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Transferring Real Estate Investment to Corporation

Ask the Real Estate Lawyer: Real Estate Law Q&A

REM #LAW 655

By Ilyce R. Glink and Samuel J. Tamkin

Summary: Most rental property owners put the title for their property in their own name is the standard, but holding title in the name of a corporation can make sense in certain situations. Ilyce and Sam advise a reader who is considering making such a transfer.

Q: I currently own a rental property and would like to transfer the title from myself to my corporation. What are the steps for doing this and what are the benefits and disadvantages of doing this?
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A: For the vast majority of rental property owners, owning the property in their own name is the standard. However, holding title in the name of a corporation has certain advantages and disadvantages.

The advantages of holding a real estate investment in a corporation or limited liability company is to insulate the shareholders from lawsuits that may come about from the ownership of the property.

If you have insurance on the property, the insurance will pay for matters that are covered by the policy but only up to the amount of the policy. If your policy is for $500,000 and there is a judgment against you for one million dollars, you will be on the hook for the balance of the money. If you owned the property in a corporate entity, you might lose the property to the lawsuit, but you would not lose other assets that were not owned by the corporate entity.

The corporate entity would shield your personal assets and the assets that you might own under different corporate names.

In some instances there are tax advantages to owning property in a corporate entity. Depending on how many properties you own and what the cash flow is, holding property in one or more corporate entities can give you additional tax benefits. You should consult with your tax accountant to discuss these benefits.

Unfortunately, if you hold a property in a corporate entity, you will have additional expenses in filing fees with the state in which the corporate entity is created, in some cases, in additional expenses to file separate tax returns for the entity, and in legal expenses in suing tenants and other parties that may be involved in litigation with you. Some states require corporate entities to be represented by an attorney in any court cases even if the owner believes that he or she can handle the case herself.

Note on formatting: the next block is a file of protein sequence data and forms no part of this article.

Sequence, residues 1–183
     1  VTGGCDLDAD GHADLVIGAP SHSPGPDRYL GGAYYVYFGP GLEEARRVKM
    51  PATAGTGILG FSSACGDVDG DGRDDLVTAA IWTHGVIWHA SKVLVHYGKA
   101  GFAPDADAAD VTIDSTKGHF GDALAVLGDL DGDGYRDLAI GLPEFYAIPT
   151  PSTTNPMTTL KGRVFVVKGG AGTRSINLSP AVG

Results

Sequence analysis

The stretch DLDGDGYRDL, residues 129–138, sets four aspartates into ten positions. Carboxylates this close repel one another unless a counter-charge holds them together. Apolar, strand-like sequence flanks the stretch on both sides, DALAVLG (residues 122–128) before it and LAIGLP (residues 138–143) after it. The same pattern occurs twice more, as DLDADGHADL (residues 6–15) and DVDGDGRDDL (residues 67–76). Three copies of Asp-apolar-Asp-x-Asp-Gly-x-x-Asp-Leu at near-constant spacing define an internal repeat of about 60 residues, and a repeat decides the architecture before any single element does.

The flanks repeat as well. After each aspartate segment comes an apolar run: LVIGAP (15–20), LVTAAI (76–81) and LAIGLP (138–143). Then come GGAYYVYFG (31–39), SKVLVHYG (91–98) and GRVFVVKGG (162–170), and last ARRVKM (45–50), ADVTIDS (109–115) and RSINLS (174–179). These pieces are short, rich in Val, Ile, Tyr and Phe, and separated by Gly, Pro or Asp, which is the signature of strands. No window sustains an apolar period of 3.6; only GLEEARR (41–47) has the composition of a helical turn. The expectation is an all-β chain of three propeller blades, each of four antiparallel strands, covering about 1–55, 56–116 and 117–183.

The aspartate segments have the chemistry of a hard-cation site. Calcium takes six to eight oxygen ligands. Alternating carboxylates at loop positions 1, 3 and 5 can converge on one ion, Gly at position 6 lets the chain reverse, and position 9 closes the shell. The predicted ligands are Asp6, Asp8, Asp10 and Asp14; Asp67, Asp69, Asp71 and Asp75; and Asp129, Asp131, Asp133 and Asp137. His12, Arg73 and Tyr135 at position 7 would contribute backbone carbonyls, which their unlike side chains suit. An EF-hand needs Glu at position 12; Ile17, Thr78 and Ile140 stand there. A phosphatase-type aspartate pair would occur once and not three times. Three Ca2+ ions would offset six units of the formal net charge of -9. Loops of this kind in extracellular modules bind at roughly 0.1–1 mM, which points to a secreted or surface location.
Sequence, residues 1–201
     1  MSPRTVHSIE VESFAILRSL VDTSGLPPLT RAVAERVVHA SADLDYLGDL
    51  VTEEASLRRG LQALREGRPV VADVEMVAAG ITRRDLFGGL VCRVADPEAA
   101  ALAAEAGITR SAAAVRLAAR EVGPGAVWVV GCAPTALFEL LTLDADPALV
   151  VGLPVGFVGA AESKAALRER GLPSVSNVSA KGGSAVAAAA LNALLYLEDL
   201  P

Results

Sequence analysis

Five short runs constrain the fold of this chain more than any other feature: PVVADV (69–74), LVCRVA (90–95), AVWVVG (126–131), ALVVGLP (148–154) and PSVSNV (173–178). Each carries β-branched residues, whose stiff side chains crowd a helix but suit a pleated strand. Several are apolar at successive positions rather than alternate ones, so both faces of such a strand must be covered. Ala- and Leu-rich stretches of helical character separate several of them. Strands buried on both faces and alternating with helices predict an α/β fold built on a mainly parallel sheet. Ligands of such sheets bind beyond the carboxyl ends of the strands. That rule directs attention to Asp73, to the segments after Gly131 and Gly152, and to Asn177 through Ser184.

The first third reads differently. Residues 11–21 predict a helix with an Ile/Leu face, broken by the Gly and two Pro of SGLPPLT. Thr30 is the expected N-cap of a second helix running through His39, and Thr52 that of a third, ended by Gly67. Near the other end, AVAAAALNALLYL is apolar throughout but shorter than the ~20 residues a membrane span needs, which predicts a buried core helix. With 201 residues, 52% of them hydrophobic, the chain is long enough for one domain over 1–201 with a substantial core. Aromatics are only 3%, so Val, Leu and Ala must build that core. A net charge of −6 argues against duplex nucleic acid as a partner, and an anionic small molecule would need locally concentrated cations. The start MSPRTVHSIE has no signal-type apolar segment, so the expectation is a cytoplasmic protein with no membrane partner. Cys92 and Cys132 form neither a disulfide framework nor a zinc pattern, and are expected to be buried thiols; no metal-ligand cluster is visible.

With a corporate entity you need to make sure that all business is done under that corporate entityís name. That means keeping a separate set of books and financial accounts for the corporation, and making sure you market the building under the corporate entity.

You donít want to through the expense of having a corporate entity and then having someone claim that the entity didnít really exist because you never kept books for the entity, you always marketed the property in your own name and never gave anybody the indication that the property was owned by the corporate entity.

If you decide to transfer title to a corporate entity, talk to your accountant first. Find out if there will be any negative tax consequences to the transfer of the property to a corporate entity.

If there will be negative tax consequences, you might want to transfer the next property you buy into the corporate entity. Once you have determined that you have no negative tax consequences to the transfer, you then need to make sure you wonít have any transfer taxes and other costs to pay to transfer the property.

If you live in a state that allows the transfer of the property at a nominal cost, you can have your attorney draft a deed transferring title of the property from your name into the name of the corporate entity you have created.

Samuel J. Tamkin is a Chicago-based real estate attorney. Ilyce R. Glinkís latest book is 50 Simple Steps You Can Take To Sell Your Home Faster and For More Money In Any Market. If you have questions for them, write: Real Estate Matters Syndicate, PO Box 366, Glencoe, IL 60022 or contact them through Ilyceís website




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